NRL News

“Not Dead Yet” Opposes New Hampshire bill that redefines hydration and nutrition in state law

by | Mar 14, 2013

Editor’s note. This is reprinted from the blog of Alex Schadenberg, executive director of the Euthanasia Prevention Coalition.

Diane Coleman

Diane Coleman

The following letter was sent by Diane Coleman, from the disability rights group, Not Dead Yet, to New Hampshire legislators opposing New Hampshire Senate Bill SB 170 that will redefine hydration and nutrition in state law.  Diane Coleman wrote:

I am writing to you on behalf of Not Dead Yet, a national disability rights group with members in New Hampshire. Among other issues, our organization works to ensure that the law of “informed consent” governs the implementation of the right to refuse unwanted medical treatment.

The purpose of this letter is to express opposition to SB 170, “An Act relative to advance directives pertaining to life-sustaining treatment.” In our view, SB 170 undermines “informed consent” with respect to the provision of tube feeding and/or intravenous fluids.

Current New Hampshire law protects the general public, including but not limited to people with disabilities, by separating the choice to receive or refuse various forms of life-sustaining treatment from the choice to receive or refuse tube feeding and/or intravenous fluids. This distinction is important for at least four reasons. 

First, everyone needs food and fluids to live, but many non-terminal health conditions related to swallowing prevent safe oral ingestion. 

Second, people who need tube feeding on a long-term basis are disabled (such as by developmental disability, neuromuscular disability or brain injury), and protection of this group is subject to a variety of laws to prevent discrimination. 

Third, many people with an uncertain prognosis may depend on tube feeding and intravenous fluids temporarily and then recover, but removing food and fluids at that stage cuts off the potential for recovery and creates a self-fulfilling prophesy resulting in death.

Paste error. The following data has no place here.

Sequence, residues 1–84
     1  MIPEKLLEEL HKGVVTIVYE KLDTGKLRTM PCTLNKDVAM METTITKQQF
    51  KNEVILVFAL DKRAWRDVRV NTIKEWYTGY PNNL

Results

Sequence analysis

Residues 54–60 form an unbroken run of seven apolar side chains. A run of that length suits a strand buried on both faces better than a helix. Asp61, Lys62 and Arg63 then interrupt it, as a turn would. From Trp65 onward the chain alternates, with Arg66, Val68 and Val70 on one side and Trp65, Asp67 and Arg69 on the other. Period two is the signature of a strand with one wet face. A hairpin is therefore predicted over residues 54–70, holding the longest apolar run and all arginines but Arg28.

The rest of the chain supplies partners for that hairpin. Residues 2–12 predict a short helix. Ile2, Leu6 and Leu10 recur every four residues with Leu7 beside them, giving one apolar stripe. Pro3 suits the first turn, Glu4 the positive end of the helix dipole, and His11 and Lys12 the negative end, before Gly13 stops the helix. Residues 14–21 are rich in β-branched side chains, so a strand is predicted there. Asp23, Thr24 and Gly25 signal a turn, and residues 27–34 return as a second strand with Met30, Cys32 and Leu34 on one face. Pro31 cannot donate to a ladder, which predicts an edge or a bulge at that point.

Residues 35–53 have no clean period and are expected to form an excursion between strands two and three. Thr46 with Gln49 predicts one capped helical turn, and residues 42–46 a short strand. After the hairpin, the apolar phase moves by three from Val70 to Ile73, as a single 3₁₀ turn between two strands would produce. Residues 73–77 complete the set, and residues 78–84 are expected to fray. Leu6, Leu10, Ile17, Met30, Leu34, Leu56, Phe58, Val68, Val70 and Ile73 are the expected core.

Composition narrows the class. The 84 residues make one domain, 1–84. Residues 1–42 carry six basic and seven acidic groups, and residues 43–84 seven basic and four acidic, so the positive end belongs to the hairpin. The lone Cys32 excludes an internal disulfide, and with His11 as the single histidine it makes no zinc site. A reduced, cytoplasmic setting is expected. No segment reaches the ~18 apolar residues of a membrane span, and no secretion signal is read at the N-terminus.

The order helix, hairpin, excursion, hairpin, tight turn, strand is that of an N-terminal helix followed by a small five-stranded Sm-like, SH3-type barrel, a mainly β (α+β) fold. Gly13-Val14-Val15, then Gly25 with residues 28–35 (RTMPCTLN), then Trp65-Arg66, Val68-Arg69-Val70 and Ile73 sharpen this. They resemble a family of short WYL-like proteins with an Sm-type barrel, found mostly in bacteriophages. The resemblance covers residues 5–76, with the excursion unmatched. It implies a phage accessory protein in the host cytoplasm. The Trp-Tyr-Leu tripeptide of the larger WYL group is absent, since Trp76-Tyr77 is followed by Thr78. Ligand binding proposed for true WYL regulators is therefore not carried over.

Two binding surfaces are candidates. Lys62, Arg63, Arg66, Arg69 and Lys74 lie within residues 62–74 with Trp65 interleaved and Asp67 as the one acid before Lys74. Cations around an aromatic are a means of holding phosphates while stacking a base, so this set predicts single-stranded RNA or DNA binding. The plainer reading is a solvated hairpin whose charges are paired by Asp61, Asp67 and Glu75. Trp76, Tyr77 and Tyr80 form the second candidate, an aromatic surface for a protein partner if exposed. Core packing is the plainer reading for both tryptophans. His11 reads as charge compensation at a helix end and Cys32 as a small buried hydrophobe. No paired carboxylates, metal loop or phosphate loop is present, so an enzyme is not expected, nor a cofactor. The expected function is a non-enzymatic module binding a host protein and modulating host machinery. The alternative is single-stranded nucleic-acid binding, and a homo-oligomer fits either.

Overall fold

Finally, many people need assistance from another person to eat orally (e.g. people with dementia, cerebral palsy, quadriplegia), yet there may be insufficient paid staff to feed people in some settings.  In fact, in nursing facilities, many people are placed on tube feeding for this reason alone. Each of these factors argues in favor of the separate treatment that current New Hampshire law gives to “medically administered nutrition and hydration.”

SB 170 redefines “life-sustaining treatment” to include “medically administered nutrition and hydration” and removes any specific reference to “medically administered nutrition and hydration” from the New Hampshire form for the Durable Power of Attorney for Health Care. While the form includes a place where “additional instructions” may be inserted, nothing suggests topics or issues that one might wish to address there. The form will presumably be presented to patients in various contexts in accordance with federal law, but patients will be “on their own” if they want to go beyond just checking the box for or against “life-sustaining treatment” and try to fill in the blanks under “additional instructions”.

In her March 5th testimony, the chief sponsor of SB 170, Senator Peggy Gilmour, attempted to justify the proposed change by stating, “This separate section for Medically Administered Nutrition & Hydration is described as confusing by those completing the NH [New Hampshire] Advance Directive and among health professionals/others who help guide people in the advance directive process.”

This purported “confusion” is a very thin justification, and raises questions about what underlying issues led to this bill. If health care professionals and others who guide people in the advance directive process have trouble explaining tube feeding, a relatively simple treatment that’s been around for over 100 years, how are they managing to talk about ventilators and dialysis? The current New Hampshire form itself explains, “I realize that situations could arise in which the only way to allow me to die would be to not start or to discontinue medically administered nutrition and hydration.” Perhaps the real issue is that professionals are having trouble convincing people to choose to forego food and fluids by tube if that is “the only way to allow me to die”? In any case, no evidence was offered that people are harmed by the current law, which requires individuals to make a simple choice by checkmark.

While SB 170 allows individuals to write in a specific provision relating to food and fluids by tube, it reduces the information provided to the individual, undermines informed consent, and actually shifts the burden to the individual to know and articulate their wishes.  Unless the individual is unusually knowledgeable, food and fluids by tube will be swept up in the all-or-nothing, yay-or-nay check box that applies to other treatments that fall under the increasingly pejorative term “life support.”

For the reasons stated above, we urge you to reject SB 170.


Diane Coleman
Not Dead Yet

Categories: Euthanasia